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Top Discovery of June 2018 – Fury (Lang, 1936)

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“I’m as mad as hell, and I’m not going to take this anymore!” proclaimed Network’s (1976) Howard Beale (Peter Rinch), a quote that inextricably struck the chord with both the fictional crowd of Beale’s world and the post-Vietnam Gerald Ford audiences that flocked to this sensationalist-driven picture. It’s the articulative snippet from Paddy Chayefsky’s piercing script that has remained in the public conscious throughout the subsequent decades, often cited for a relevance that’s more apparent now than before. This appreciation creates a separation in the viewer’s mind by evaluating its own contextual merits while acknowledging that the success of these merits is built around a cynical core that has been brought to the fore in a society that no longer resembles this exaggerated concept. An attitude that can very well be ranked alongside Ace in the Hole (1951), The Caine Mutiny (1954), last month’s highlight, or any other film that examines the morally repugnant social kernel for drama, we treat these pictures as a retrospective for how ahead of their time they were, as if transparency hadn’t already been engrained.

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Top Discovery of May 2018 – Seven Days in May (Frankenheimer, 1964)

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The opening sequence for John Frankenheimer’s Seven Days in May demonstrates the miscalculation of political dynamic that drives the film’s tyrannical bent. The credits themselves, scrolling over the constitution as the forceful, patriotic beat of Jerry Goldsmith’s score takes hold, is overwhelmingly precise with its patriotism, articulating this bind on the people that will subsequently be thwarted as the story unfolds in this post-nuclear age that has allowed a subset of ideas to be embedded, no matter the boundaries, allegiances or moral consequences.  Outside of the integral establishment that supposedly embodies this document are protestors proclaiming their right, lashing out against President’s Lyman’s (Frederic Marc) recent signed treaty with the Soviet Union by marching in drab, expressionless fashion where intent is only known from picket fences. Frankenheimer’s camera is detached, slightly shaky at a lower angle that suggests a control that is at odds with demeanor. Exploding within the second, this guerilla characteristic aligns with the crowd’s breaking point. The spatial relation is haphazard with disorienting perspectives, from the back of a bystander’s head (jarringly establishing a motif that operates as a plea for personal control) to the array of feet as they try to hold ground within uncontrolled chaos.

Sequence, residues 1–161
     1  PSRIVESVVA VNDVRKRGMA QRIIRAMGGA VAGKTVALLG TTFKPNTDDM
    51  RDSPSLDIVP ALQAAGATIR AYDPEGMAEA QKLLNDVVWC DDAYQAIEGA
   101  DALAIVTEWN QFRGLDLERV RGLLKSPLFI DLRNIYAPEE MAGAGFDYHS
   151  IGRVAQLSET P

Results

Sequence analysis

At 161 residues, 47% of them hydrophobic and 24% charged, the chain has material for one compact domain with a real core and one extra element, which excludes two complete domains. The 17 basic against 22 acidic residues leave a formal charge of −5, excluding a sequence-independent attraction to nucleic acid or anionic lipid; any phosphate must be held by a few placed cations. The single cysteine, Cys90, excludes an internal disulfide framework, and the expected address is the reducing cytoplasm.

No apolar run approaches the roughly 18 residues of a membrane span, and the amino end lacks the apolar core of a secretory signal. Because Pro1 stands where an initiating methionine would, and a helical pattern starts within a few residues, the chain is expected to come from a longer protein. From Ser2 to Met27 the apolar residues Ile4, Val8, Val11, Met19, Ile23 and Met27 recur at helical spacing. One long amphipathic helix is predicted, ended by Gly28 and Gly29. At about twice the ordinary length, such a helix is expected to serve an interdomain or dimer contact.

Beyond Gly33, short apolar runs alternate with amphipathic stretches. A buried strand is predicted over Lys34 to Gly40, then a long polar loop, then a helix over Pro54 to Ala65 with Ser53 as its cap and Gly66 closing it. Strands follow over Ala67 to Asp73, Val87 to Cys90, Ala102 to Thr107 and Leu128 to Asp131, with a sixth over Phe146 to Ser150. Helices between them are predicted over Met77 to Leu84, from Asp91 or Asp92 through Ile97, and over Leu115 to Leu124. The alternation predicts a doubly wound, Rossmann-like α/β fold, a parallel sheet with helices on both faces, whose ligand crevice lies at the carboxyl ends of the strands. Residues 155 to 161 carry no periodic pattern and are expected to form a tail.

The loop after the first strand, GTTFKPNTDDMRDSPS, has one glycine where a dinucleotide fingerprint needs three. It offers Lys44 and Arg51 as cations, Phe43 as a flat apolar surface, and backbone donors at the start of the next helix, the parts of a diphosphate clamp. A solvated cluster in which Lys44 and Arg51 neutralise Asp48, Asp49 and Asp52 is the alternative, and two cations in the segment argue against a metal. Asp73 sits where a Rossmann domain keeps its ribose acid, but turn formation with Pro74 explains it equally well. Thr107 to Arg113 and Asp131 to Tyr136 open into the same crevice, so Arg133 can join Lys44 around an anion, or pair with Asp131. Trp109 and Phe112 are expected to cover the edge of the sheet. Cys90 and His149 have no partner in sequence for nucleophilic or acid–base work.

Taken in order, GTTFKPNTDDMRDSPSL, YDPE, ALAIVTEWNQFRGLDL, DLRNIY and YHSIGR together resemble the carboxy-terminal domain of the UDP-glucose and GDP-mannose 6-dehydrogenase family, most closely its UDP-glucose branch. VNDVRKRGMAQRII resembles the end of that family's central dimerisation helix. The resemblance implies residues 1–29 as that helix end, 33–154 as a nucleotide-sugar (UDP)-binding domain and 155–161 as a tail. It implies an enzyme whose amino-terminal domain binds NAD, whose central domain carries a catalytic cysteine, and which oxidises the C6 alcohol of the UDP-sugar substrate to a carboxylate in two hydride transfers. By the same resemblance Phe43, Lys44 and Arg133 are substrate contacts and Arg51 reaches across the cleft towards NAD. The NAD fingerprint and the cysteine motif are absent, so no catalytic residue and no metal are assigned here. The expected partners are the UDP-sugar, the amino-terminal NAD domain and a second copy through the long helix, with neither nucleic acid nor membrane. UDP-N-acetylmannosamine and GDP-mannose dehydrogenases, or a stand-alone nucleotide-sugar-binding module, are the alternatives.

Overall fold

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Top Discovery of April 2018 – You Were Never Really Here (Ramsay, 2018)

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The knee-jerk reaction for Lynne Ramsay’s latest feature, You Were Never Really Here, is to grab onto its ‘70s American bones and single out Martin Scorsese’s Taxi Driver as its obvious antecedent. Its commonality of story, a lone man, plagued by PTSD, stumbles towards a personal trajectory that’s both reprehensible and intelligible with its actions, is clearly justified through its surface. But this comparison bears little resemblance through the contextual roots springing from the respective auteurs. Scorsese’s film felt like a landmark of realization; a character piece driven by the inner-musings of an exact climate, firmly in place by an aesthetic that had yet to be refined. Ramsay’s poetic sensibility has been apparent from the onset, even in her first short, Small Deaths, and what makes her work fascinating is that this progression is a shift of what had been assembled; each subsequent film doesn’t necessarily broaden the craft but relate it to content in a way that makes this familiarity feel like a breath of fresh air.